This is greatest of the home home purchase stimulation incentives to come out of congress in the last couple of years. The Worker, Homeownership and Business Assistance Act of 2009 expands the first-time home-buyer credit allo. The rules extend the cutoff dates to homes under contract by April 30, 2010 and closing no later than June 30, 2010.
But, what I think is the greatest change is the “Move-Up” credit. I provides $6500 for existing homeowners. ”Move-up is actually a misnomer. This applies to a wide variety of circumstances where existing home owners (owned & resided in the same home 5 of the last 8 years) purchase a new primary residence.
In keeping with the motive to stimulate the economy, there is no requirement to buy a more expensive home or to sell your existing home! You can keep your existing home and use it as a second home, convert it to a rent house and still qualify for the credit. For example, if you need to relocate for a new job but don’t want to sell your current home in a down market the this will help you. If you find a screaming deal on a home you want to make your new primary residence this will help you. If you want to downsize, and move into a smaller, more efficient home, this will help you.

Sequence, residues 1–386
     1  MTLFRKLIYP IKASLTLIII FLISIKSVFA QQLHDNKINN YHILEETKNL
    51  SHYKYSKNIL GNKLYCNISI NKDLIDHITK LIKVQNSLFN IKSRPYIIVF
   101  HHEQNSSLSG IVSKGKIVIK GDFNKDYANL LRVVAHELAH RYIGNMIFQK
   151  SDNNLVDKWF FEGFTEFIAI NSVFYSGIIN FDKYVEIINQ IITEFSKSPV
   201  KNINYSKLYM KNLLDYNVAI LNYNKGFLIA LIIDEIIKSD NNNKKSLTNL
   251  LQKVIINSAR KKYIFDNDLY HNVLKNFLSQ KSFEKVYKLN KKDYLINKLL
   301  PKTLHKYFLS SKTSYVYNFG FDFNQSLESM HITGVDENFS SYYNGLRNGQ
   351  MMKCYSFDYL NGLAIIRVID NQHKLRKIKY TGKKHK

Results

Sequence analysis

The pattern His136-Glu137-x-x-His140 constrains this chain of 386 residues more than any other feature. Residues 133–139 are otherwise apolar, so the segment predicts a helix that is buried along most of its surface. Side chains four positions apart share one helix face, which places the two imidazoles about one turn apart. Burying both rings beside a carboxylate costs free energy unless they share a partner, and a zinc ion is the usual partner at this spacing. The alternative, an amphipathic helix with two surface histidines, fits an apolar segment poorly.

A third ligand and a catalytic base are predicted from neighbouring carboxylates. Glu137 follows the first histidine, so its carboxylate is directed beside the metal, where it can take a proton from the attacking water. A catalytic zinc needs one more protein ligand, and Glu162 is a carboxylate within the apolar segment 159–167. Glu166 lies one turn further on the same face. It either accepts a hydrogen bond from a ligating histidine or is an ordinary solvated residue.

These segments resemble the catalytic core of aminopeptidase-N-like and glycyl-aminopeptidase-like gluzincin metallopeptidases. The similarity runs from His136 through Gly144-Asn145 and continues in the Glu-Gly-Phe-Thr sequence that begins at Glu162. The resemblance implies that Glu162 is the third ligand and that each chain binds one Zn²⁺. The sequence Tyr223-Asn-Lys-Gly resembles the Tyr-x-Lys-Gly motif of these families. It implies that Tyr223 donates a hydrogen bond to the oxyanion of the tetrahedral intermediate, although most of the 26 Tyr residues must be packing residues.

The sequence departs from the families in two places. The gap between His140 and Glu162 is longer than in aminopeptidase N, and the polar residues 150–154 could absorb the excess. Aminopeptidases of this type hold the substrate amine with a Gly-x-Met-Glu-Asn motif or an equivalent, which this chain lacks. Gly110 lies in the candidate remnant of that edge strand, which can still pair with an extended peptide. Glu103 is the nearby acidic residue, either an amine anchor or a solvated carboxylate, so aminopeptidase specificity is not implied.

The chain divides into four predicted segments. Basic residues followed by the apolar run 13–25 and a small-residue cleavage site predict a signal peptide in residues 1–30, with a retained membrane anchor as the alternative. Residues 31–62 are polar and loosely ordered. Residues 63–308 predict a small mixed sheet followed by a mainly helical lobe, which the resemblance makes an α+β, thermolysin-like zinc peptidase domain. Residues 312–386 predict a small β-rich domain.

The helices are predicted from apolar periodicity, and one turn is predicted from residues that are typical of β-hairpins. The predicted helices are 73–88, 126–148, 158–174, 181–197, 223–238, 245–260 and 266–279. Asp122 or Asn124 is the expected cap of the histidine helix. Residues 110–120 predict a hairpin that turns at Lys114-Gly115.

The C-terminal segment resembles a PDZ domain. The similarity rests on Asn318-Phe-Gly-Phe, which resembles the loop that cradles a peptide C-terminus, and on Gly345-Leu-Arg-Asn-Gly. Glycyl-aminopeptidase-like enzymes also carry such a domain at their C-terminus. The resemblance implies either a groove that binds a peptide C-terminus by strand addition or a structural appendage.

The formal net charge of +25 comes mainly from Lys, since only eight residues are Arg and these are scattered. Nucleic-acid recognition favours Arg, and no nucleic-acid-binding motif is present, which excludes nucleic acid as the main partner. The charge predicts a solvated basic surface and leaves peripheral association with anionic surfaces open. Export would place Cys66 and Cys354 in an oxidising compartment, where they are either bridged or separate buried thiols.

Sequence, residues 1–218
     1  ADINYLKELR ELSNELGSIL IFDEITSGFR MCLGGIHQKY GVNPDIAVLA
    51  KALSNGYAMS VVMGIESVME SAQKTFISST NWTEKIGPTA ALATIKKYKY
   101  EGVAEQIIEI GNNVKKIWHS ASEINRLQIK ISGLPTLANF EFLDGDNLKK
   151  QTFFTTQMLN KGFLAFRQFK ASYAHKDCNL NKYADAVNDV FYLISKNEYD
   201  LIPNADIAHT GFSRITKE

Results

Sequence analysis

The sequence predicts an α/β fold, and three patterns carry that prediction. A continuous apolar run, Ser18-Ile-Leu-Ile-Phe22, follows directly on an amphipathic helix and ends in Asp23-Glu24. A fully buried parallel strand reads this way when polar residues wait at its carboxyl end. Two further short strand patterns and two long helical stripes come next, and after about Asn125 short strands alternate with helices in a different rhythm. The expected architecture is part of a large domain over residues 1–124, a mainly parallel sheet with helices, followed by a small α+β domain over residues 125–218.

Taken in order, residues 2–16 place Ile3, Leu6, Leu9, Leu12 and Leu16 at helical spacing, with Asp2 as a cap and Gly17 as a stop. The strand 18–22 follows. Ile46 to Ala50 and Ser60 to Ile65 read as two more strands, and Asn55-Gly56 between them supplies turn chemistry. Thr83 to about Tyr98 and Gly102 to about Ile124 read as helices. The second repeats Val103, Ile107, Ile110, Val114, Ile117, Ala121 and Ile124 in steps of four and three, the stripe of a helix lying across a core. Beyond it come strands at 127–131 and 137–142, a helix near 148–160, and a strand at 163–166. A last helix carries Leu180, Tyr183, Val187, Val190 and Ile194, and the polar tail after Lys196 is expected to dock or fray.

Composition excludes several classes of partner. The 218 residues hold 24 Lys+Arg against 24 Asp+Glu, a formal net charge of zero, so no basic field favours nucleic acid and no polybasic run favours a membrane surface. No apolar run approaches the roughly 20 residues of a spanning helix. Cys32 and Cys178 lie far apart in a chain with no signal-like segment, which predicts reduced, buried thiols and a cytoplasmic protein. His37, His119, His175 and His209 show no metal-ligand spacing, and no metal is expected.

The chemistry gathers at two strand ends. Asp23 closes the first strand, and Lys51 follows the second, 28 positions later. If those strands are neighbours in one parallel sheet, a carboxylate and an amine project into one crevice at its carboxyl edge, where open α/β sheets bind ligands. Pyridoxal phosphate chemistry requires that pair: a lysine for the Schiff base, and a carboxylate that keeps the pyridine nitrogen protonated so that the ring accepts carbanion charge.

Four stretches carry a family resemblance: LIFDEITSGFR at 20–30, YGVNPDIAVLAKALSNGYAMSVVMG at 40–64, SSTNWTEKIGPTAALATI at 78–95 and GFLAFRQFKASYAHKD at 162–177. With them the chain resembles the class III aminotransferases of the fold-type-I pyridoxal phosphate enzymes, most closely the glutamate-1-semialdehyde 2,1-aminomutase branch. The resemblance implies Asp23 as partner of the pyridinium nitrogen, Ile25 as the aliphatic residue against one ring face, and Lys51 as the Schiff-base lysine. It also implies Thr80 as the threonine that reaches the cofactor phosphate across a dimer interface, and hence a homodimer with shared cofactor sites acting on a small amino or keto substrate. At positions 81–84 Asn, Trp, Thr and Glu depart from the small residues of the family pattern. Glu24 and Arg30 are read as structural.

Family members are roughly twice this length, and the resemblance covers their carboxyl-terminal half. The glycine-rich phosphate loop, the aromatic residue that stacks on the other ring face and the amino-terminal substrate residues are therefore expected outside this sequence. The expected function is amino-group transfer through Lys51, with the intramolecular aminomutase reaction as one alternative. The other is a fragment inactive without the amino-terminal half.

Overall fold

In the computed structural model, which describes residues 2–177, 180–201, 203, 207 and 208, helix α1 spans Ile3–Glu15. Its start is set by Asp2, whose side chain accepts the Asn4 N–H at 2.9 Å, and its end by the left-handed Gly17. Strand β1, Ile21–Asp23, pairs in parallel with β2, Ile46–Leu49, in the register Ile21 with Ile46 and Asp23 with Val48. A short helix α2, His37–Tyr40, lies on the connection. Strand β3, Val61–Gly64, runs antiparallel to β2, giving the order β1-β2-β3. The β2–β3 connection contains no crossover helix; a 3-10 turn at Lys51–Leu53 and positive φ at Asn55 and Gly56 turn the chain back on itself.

To get the clearest understanding of the rules you should consult a tax professional but here are some general guides. See IRS form 5405 . Additionally, the National Associati0n of Home Builders put up a nice site on this as well. NAHB site
For this one the close must take place after Nov.6, 2009 with the same cutoff dates as the first-time home buyer credit. The income limitations are now more generous as well. Eligible incomes for both credits are $125,000 for singles and $250,000 for married filers, up from $75K & $150K . The credit is %10 of cost and the home cannot cost more than $800,000. Additionally, now a copy of the HUD-1 must be submitted with a copy of the tax return.
The first time home buyer credit is maxed at $8000.
The Move up credit is maxed at $6500.
Purchases in 2010 can be claimed on a 2009 return.
For both credits, Married couples have the tests of non-ownership (or ownership) applied to each spouse. That is if either spouse does not qualify then there is no credit available.
Neither credit has to be repaid unless the home is sold or ceases to be the primary residence within the first three years after purchase.
Due to prior abuse, is a new senate requirement on the IRS to more closely scrutinize the credits claimed. Sales between closer related parties, to minors or those claimed as dependents on other’s returns are ineligible. While this bill is the third and biggest home buying credit to come out in recent years, some of it’s primary authors insist there will be no more. All political and budget indications are that this ride is about over as well.
Michael White, CPA